We Buy Real Estate Like Our Grandparents (and Other Trends for 2013)
NEW YORK ( TheStreet) -- What will the housing market look like in 2013?
The ERA Real Estate office in Parsippany, N.J., worked with clinical psychologist Leslie Reisner to put what it calls an "offbeat, but interesting" magnifying glass to U.S. consumer homebuying behaviors, finding that the worst housing market since the Great Depression has radically altered the mindset of U.S. consumers.
What are the "emotional behavior" trends that top the list? Here's a snapshot:
- Buyers are better-informed and decisive. The ERA actually calls this type of buyer the "broker's backup." It signifies a buyer who is "well-researched and knowledgable" and "very active" in the entire homebuying process. The backup buyer isn't in it for investment purposes; he or she wants a great place to live and plant some roots. "A good number of clients know exactly what they want and are savvy with pricing," says Ranelle Birmingham, a broker at ERA Sarver Real Estate. "I have seen a pattern of buyers making lower offers than normal and then walking away to another house that meets their criteria if the offer is not accepted.
- Families are increasingly multigenerational. The days of a young mom and dad, or a single professional buying a home for their own needs, is going the way of the incandescent light bulb. The ERA sees a big rise in multigenerational families buying homes, with everyone living under one roof - grandma and grandpa included. "Buyers in this situation are not only reacting to current conditions, but also planning for their future, keeping their immediate and extended family top-of-mind when purchasing a home," the ERA says.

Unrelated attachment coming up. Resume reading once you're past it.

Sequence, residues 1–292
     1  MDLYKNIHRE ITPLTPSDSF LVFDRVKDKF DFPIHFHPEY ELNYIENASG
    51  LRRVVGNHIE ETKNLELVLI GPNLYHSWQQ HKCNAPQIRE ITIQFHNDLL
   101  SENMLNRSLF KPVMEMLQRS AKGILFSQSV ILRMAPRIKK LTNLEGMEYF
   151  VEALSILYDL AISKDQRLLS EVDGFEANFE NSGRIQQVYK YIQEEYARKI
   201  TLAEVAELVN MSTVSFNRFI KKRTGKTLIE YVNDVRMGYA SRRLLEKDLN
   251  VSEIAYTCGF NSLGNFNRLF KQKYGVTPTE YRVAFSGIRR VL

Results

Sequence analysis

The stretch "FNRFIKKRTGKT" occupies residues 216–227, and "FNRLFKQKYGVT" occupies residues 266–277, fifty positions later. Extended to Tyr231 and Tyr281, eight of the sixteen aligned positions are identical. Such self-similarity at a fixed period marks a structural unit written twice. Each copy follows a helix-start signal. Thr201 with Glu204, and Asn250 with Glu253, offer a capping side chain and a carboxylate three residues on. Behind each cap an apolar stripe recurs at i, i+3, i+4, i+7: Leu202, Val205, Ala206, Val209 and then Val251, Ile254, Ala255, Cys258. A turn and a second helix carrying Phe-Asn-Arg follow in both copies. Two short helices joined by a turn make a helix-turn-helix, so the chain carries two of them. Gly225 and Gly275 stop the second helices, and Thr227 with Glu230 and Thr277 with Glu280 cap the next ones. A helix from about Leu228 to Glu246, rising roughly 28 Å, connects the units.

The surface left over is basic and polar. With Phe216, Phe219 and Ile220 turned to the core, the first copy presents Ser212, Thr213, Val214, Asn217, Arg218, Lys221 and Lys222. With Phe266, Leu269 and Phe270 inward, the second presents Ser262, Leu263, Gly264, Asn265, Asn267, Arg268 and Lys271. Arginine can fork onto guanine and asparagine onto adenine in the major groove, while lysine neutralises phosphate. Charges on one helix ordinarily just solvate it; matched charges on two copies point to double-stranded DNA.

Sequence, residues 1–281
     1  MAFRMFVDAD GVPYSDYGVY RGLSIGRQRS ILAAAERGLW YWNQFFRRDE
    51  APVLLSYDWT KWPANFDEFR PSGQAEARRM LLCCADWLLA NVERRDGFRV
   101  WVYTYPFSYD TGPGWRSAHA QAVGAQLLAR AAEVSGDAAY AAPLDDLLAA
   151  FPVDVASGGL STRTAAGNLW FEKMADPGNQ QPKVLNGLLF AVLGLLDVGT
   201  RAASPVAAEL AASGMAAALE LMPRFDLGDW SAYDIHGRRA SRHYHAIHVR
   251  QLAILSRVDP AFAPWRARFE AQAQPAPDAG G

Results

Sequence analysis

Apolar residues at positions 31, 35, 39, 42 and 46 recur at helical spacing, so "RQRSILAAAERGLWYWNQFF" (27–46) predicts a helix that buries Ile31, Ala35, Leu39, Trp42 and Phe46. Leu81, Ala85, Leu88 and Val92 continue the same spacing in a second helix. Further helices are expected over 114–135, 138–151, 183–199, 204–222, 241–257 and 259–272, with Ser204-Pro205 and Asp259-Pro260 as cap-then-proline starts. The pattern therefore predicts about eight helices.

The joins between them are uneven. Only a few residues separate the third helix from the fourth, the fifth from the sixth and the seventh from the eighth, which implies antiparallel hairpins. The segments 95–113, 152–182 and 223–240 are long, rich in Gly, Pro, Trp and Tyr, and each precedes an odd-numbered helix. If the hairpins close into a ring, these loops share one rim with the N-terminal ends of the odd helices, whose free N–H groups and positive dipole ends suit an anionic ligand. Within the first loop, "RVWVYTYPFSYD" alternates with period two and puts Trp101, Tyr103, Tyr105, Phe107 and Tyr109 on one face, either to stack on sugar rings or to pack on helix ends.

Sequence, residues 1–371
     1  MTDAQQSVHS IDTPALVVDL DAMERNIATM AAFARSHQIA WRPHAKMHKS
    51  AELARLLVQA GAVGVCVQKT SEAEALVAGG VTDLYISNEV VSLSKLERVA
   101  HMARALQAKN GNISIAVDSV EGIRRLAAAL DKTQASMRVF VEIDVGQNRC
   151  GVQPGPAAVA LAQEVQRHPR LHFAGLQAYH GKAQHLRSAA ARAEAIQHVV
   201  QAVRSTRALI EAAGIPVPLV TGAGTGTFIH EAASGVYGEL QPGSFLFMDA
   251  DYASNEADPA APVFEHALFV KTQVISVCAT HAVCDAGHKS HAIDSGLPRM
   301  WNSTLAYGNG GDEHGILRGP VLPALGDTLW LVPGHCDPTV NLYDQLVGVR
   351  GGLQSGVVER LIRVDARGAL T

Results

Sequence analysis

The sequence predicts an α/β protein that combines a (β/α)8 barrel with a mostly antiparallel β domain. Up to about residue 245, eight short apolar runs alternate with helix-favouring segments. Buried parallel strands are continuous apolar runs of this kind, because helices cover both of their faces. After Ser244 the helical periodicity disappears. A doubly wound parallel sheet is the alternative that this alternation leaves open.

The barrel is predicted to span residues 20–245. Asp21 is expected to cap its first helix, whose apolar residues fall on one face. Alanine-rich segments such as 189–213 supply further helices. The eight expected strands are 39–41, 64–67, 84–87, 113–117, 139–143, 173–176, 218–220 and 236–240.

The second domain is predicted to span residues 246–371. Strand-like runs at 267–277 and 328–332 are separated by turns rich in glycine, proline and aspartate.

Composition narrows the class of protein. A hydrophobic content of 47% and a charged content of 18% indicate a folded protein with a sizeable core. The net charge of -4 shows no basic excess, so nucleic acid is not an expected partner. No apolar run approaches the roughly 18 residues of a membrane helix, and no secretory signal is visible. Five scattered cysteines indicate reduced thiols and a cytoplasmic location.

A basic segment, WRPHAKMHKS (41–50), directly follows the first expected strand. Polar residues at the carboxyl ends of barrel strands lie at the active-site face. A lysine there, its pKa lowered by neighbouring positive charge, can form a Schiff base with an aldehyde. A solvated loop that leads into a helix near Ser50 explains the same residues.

- Buyers don't want fixer-uppers. the 2013 homebuyer increasingly wants a home that is "move-in ready." They want up-to-date properties, and given a choice between buying a home that needs repairs or paying a little more for a "ready-to-roll" property, they're digging deeper and paying for the higher-quality property. "Think HGTV," said broker William Hurt of ERA Shields Real Estate. "There are buyers out there that want premium properties. Some have to compromise on price to get them but will do so in order to gain a home in great condition."
- The age of the McMansion is over. Buyers are no longer panting for the suburban mansion or the urban colonial with five bedrooms. Instead, they want to scale down the ladder, buy a small home and use the extra money (and sanity) to travel more and indulge in favorite hobbies that involve more fishing for trout than digging out grout.
In short, maybe it is your father's (or grandfather's) homebuying mindset: Smaller is better, and the more family member on the premises, the better.
"As our economy continues to recover, buyers are on definitely on the move," Reisner says. "However, the way consumers approach buying a home today is different than it was during the real estate boom. Lifestyles have changed and therefore, behaviors have changed."